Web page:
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Aeneas Cannery Complex

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1944–1945, Robert R. Jones; Alfred B. Coates, builder; 1974–1979 remodel, Paul E. Davis; Jim Hoffman, builder. Both sides of Cannery Row between Reeside and Dickman aves.
  • (Photograph by Cornfusion, CC BY-NC-ND 2.0)

The best-preserved example of a typical canning complex in which associated buildings flank Cannery Row and are connected by an overcrossing is located on the southern end of the street, on land that was once part of the Tevis-Murray estate. The Aeneas Sardine Products cannery complex was established in 1944 by Orazio Eneas, who immigrated to the area in 1905, at the age of 21, and operated the business until it closed in 1952.

The Aeneas Cannery Complex was designed by architect Robert R. Jones, a California native who completed 27 canneries and reduction plants in the late 1930s and 1940s, and built by Albert B. Coates, who was credited with building half the canneries on the row. The 8,000-square-foot warehouse on the west (or inland) side of the row is a two-story building connected to the three-story cannery (on the east/bay side) by a second-story overcrossing that spans the street. The warehouse’s stucco exterior is punctuated by large, multi-pane, fixed windows and a small, multi-pane casement window. The enclosed elevated bridge, supported by a wood and metal framing system, contains three small, horizontal apertures infilled with glass blocks. It is decorated with the company’s name and logo, a small woodblock depiction of a horse. Finished in 1945, the cannery is a board-formed, reinforced concrete building with wooden, multi-pane paired windows on all levels. Its concrete foundation rests upon pilings that extend over the water, while the structural skeleton is wood framing. The narrow, rectangular cannery’s east (short) elevation faces the bay and once was marked with a wooden deck and fish ladder that carried hauls from storage pens in the water up to the processing floor. The building’s arched roof construction held skylights, which allowed natural sunlight to fill the cavernous, high-ceilinged interior.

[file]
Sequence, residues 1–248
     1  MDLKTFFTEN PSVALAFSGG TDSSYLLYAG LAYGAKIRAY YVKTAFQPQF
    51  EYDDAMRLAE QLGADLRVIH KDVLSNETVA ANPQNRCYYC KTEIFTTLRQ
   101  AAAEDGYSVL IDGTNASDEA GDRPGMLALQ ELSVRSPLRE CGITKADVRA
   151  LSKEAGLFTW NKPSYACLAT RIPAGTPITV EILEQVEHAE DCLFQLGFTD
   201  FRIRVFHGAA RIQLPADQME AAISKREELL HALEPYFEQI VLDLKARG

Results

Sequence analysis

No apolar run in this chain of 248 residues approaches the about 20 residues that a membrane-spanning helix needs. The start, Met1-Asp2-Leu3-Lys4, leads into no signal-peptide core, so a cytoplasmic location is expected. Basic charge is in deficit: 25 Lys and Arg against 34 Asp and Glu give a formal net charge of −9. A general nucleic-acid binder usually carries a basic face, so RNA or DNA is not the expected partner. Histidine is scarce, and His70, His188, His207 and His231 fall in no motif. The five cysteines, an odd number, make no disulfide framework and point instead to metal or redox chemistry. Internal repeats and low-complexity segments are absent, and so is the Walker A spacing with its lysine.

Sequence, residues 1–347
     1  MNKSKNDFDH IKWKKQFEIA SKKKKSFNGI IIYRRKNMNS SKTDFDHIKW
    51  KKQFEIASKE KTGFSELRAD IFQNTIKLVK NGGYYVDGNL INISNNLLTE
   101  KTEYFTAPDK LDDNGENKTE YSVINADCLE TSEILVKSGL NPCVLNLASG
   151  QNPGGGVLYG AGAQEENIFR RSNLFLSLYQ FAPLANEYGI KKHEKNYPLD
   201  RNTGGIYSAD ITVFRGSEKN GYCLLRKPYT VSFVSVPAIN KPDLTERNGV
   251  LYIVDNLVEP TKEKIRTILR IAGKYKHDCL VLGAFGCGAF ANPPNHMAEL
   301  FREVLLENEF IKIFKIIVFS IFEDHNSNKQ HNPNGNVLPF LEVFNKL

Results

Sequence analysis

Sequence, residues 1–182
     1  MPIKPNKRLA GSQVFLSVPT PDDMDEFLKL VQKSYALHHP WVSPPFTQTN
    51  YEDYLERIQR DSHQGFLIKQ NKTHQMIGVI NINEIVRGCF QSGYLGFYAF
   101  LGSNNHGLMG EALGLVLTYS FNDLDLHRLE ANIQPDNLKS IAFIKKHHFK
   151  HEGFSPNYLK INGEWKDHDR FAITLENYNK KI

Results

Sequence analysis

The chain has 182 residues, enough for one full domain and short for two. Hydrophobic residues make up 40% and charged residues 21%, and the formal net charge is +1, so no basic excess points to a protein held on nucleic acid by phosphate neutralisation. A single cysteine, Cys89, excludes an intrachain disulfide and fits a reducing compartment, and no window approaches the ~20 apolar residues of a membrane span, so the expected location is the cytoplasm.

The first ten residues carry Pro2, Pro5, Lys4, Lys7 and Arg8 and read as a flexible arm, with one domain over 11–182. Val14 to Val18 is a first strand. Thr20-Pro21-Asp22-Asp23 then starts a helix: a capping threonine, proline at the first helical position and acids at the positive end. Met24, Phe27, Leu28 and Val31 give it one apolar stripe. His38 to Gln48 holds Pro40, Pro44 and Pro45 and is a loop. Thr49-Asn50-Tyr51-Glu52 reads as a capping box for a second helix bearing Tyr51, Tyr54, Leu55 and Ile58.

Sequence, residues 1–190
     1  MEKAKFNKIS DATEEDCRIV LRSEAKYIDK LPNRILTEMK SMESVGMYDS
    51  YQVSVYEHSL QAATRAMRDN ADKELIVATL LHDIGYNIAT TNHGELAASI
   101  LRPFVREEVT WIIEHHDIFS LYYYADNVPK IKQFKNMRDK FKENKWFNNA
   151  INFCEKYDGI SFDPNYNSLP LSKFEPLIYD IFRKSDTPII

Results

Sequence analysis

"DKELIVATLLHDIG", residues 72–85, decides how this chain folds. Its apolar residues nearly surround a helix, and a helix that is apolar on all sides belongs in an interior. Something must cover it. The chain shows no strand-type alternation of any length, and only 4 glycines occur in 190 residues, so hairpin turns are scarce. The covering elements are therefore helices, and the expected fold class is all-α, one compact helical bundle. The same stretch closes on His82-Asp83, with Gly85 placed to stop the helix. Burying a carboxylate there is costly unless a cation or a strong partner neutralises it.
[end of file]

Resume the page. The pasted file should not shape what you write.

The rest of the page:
The warehouse and cannery buildings were converted into retail-cum-office spaces in 1974 and 1979, respectively. Paul E. Davis designed the remodel, which was contracted to local builder Jim Hoffman. Despite the remodeling, the assemblage is the most intact example of a cannery complex on Cannery Row.


Architectural Resources Group. “Final Cannery Row Cultural Resources Survey Report Document.” Prepared for the City of Monterey, California, 2001.

Writing Credits

Heather N. McMahon
Emily Bills



  • 1944

    Design and construction
  • 1974

    Remodel and adaptive reuse

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Heather N. McMahon, "Aeneas Cannery Complex", [Monterey, California], SAH Archipedia, eds. Gabrielle Esperdy and Karen Kingsley, Charlottesville: UVaP, 2012—,

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